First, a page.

How to ace your Annual Performance Review
About to meet your boss for your annual review? Don’t dread it. Make the most of this opportunity to push your career forward.
It’s about this time of year that annual performance reviews will start to loom large in the minds of employees, bosses and HR managers.
It helps to think of your review as your chance to show your boss just how you have contributed to the company’s success over the year. It’s also a great time for you to take a step back and take stock of your personal career goals and training needs.
So how do you get the most out of your annual performance review?
Continually track your work throughout the year. Many people make the mistake of only thinking about their performance when they get a date for their review.At the risk of stating the obvious your annual review is for your entire year’s work not just the few week’s leading up to your review.
When thinking back on your achievements for the year consider any projects you were involved with, positive client/customer feedback, any of your ideas that were implemented, examples of successful teamwork or leadership skills. Basically, include areas of your work that you feel contributed to your department’s or company’s performance over the course of the last twelve months.
If you don’t already then it’s a good idea to create an achievements folder so you can track your work and your progress. It’s doesn’t have to be particularly extensive but it should be enough to jog your memory and form the basis of your review.
Agree Your Targets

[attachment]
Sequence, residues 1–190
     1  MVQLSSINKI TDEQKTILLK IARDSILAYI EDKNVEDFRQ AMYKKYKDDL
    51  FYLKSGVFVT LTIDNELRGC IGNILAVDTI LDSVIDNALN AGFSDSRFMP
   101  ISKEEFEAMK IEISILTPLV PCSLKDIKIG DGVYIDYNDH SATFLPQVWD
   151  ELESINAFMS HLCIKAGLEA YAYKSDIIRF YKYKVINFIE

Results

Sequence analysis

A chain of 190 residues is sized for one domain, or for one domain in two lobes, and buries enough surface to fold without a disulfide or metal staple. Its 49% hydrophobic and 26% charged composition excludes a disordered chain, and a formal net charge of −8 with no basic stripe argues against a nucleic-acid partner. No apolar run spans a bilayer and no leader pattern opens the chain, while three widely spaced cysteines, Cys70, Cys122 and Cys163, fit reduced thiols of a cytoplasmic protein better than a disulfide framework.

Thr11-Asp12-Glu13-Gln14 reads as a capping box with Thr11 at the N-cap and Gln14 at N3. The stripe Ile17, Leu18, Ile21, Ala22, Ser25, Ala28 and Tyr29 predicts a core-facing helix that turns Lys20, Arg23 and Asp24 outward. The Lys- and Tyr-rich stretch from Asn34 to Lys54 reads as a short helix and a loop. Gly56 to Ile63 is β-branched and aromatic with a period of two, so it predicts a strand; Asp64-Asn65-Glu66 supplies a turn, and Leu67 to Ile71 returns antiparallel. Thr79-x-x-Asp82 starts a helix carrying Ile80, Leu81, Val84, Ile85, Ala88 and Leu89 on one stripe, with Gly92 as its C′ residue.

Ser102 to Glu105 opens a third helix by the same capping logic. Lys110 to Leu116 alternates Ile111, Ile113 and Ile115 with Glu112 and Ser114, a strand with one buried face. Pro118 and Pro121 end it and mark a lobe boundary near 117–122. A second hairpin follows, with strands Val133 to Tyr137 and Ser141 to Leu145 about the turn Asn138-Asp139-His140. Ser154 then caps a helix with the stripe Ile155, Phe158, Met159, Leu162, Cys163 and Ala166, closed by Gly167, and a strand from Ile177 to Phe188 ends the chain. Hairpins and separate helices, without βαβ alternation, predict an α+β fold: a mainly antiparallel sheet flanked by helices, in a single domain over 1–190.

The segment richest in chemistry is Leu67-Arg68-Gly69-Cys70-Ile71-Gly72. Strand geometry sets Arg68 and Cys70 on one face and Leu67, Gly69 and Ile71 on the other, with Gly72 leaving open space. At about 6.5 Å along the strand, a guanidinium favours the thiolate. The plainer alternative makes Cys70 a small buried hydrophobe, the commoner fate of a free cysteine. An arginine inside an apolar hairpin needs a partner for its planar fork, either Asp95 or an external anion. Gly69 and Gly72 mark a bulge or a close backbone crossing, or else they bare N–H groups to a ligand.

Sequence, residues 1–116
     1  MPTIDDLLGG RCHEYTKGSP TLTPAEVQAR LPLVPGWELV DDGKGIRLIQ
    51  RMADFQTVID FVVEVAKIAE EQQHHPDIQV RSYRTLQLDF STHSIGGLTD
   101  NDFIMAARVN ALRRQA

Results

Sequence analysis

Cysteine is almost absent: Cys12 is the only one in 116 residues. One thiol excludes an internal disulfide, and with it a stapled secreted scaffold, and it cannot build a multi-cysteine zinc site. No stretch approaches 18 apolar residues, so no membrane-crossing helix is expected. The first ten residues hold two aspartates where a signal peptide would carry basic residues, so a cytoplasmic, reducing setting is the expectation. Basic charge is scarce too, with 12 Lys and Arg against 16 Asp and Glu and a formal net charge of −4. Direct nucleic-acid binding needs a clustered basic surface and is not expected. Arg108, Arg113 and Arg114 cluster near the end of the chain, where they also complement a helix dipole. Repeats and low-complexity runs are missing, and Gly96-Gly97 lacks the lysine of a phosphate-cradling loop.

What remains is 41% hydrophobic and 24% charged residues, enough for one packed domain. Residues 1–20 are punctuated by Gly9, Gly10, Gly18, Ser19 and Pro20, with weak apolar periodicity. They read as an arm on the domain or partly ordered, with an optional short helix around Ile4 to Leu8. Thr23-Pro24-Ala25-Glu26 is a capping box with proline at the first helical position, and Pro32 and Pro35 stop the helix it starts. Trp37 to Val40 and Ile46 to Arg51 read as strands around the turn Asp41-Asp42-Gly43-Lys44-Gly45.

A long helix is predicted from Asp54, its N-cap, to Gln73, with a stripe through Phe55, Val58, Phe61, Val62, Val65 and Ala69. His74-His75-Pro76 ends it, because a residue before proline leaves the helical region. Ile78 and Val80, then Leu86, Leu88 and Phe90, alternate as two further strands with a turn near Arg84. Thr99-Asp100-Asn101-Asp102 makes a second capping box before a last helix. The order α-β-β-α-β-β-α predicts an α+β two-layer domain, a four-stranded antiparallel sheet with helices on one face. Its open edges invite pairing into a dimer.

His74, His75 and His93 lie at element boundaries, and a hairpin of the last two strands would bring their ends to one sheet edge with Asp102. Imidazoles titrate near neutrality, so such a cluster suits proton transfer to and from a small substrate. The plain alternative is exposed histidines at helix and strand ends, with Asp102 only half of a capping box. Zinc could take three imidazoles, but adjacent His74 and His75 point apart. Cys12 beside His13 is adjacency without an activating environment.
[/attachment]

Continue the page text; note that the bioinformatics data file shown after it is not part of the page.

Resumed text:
At the end of a review, following a discussion with your manager, targets and objectives will be set for the year ahead.
Once these targets are agreed they can be difficult to roll back so make sure you know what you have agreed to deliver. Are they realistic? Are they achievable? Do you have the resources you need to hit these targets? Do you need additional training to help you? When you are setting your objectives keep in mind that you don’t want to set yourself up to fail.
Consistent communication is the key to success. You should have regular (weekly, monthly or quarterly) meetings with your manager so you can check/review your progress. If you don’t have one then request one.
This will help you stay on track with your targets and also will allow you to raise the red flag and take action early if things are not going as well as you had anticipated.
Identify Areas for improvement
It’s unlikely that your review will be all about achievements. There may have been parts of your job you found challenging or difficult. Be ready to discuss these with your manager but also take the opportunity to ask for the training or support you may need to get over these obstacles.
Don’t forget your CV
Now is the best time to update your CV. More and more employers like CVs which reflect what a person has achieved in his or her job and not just a list of their duties.
By the end of the annual review process you should have a comprehensive list of your achievements for the year so be sure to add them to your CV.
Even if you’re not “actively” looking for a new job having a CV that is ready to go means you won’t miss an opportunity should one become available. It also means that whenever you are ready to look for a new job you aren’t starting the onerous task of starting your CV from scratch.